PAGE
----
The most well-known corn ear diseases are Fusarium ear rot, and head and common smuts. The basidiomycete Ustilago zea Unger is the causative agent of common smut. Corn plants are susceptible to this pathogen during the entire growing period. Ustilago maydis manifests itself on all parts of plants as round blisters differing in size. When they mature the membranes rapture releasing the dark brownish dust-like mass of fungal spores. The highest prevalence of common smut in Primorsky kray was observed in the steppe zone (0.4-0.6%).

Head smut was detected in cornfields in insignificant quantity. The causative agent of the disease is the basidiomycete Sorosporium reilianum Mc. Alpine. Unlike common smut, this pathogen damages only corn ears and tassels, which can turn into the dark mass of spores when the disease is advanced. The highest disease progression was observed in the forest steppe and steppe zones, the prevalence was 1.9 and 2.6%, respectively.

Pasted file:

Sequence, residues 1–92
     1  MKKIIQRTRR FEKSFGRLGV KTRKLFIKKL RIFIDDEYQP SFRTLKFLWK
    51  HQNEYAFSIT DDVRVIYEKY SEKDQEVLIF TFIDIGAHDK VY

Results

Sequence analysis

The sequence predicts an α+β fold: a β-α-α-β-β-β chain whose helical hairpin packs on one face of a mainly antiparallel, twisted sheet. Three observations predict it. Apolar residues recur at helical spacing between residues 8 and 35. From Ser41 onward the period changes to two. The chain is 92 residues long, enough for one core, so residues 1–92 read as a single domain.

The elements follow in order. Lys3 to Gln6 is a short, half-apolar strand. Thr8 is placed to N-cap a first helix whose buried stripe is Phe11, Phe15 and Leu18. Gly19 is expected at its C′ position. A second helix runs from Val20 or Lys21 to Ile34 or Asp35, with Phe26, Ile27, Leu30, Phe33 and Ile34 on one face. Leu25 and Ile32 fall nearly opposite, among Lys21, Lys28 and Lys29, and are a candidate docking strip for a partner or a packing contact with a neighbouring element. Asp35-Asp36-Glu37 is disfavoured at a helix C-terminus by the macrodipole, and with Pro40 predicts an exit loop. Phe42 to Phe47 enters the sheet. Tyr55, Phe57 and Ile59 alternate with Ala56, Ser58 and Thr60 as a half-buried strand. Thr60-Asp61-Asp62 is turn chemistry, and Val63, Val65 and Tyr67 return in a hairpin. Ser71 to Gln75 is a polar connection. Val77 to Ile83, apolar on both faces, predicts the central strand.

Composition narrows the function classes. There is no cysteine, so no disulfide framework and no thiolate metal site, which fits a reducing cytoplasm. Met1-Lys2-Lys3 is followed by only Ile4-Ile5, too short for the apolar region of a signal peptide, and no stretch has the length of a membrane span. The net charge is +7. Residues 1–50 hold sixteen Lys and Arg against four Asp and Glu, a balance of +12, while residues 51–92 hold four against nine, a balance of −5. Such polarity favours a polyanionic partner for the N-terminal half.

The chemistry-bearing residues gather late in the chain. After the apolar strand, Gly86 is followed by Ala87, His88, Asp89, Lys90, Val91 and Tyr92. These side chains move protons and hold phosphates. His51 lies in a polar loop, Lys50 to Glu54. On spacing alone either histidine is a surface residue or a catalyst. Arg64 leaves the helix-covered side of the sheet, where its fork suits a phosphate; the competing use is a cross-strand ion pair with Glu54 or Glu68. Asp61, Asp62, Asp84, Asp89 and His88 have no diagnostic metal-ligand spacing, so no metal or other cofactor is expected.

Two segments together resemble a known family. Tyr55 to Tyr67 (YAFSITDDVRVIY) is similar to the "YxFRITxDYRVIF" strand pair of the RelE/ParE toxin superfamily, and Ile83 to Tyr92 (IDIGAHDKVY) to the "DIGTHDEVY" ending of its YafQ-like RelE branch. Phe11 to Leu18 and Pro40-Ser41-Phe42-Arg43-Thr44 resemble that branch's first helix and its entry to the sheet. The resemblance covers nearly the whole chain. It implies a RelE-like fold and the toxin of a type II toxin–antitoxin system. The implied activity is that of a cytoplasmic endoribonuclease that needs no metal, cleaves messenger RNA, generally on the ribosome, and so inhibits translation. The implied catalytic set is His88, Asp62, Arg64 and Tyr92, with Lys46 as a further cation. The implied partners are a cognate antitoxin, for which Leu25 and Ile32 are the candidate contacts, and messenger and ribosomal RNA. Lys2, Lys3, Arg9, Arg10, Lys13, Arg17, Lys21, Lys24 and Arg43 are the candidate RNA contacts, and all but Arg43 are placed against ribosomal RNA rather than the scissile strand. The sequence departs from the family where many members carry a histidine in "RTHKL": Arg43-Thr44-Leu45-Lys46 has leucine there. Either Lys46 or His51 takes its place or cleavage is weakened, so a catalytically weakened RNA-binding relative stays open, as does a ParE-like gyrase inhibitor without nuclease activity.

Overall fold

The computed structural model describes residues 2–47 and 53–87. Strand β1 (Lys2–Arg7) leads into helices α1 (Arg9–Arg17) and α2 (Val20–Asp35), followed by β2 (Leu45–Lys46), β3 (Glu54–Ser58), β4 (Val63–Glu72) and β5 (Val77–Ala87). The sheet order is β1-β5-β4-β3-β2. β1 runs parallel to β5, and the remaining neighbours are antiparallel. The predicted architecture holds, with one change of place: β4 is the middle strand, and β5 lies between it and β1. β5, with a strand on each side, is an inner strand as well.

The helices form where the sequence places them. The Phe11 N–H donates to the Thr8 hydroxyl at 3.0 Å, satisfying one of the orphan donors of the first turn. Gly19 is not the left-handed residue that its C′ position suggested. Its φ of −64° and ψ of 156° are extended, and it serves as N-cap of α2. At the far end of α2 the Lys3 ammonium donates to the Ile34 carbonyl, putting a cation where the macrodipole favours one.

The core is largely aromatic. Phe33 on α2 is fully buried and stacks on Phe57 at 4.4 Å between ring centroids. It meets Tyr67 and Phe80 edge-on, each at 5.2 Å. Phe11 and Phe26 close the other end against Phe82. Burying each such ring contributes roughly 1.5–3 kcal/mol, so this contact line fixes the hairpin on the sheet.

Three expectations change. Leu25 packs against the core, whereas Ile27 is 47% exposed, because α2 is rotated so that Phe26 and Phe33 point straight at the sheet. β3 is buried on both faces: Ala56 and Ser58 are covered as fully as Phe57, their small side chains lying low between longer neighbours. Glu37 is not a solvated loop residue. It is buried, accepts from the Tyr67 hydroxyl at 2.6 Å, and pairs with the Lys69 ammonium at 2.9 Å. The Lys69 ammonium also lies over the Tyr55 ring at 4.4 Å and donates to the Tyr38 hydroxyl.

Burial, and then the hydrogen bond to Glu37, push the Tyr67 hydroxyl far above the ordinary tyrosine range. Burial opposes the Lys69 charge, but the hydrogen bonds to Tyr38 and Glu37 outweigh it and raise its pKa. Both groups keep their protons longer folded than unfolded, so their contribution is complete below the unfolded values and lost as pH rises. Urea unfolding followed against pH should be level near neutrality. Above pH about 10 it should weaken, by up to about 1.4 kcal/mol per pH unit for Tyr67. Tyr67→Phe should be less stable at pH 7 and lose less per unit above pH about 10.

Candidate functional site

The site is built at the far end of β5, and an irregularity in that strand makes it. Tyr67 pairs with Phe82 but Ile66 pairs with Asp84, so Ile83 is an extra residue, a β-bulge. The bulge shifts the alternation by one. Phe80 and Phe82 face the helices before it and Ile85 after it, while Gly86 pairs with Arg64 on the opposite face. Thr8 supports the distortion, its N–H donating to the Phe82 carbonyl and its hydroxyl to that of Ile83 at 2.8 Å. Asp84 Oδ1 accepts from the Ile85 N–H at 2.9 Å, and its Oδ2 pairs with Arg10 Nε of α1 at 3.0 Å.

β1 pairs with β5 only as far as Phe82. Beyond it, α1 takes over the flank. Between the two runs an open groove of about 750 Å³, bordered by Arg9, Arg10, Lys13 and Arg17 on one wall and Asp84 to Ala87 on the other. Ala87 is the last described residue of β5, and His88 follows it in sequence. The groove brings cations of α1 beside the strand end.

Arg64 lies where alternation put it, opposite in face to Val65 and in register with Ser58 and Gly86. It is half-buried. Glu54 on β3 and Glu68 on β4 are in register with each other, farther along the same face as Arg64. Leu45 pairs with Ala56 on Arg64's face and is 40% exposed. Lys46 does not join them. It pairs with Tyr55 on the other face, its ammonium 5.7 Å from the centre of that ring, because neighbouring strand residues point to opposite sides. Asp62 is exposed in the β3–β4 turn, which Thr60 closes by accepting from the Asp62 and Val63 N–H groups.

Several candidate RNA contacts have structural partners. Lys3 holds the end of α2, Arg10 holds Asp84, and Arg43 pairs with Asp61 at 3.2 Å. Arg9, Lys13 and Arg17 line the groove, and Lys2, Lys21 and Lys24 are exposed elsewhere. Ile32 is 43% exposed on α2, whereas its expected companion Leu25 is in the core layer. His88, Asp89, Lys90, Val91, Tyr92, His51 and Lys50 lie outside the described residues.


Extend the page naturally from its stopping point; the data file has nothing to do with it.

The most widespread disease of corn is Fusarium ear rot. The causative agent is the fungal species Fusarium moniliforte Sheld., which develops even during harvest and storage. The disease manifests as white and pinkish mold on grains. At the advanced stages, the mold can cover an ear entirely. The phytosanitary monitoring showed that the highest prevalence of Fusarium ear rot was observed in the southern taiga zone (52%) and the lowest prevalence – in the steppe zone (9%). The disease progression ranged from 0.17 to 27.5%.
Northern corn leaf blight zea mais

Figure 1 - Northern corn leaf blight zea mais

4. Conclusion

Thus, the year of 2023 had favorable conditions (abundant precipitation and high temperatures in August) for the development of such corn diseases as northern corn leaf blight and Fusarium ear rot. The prevalence of northern corn leaf blight varied from 20 to 100% depending on the eco-climatic zone, and the prevalence of Fusarium ear rot ranged from 9 to 52%. The prevalence of head and common smuts did not exceed 3 and 0.6%, respectively.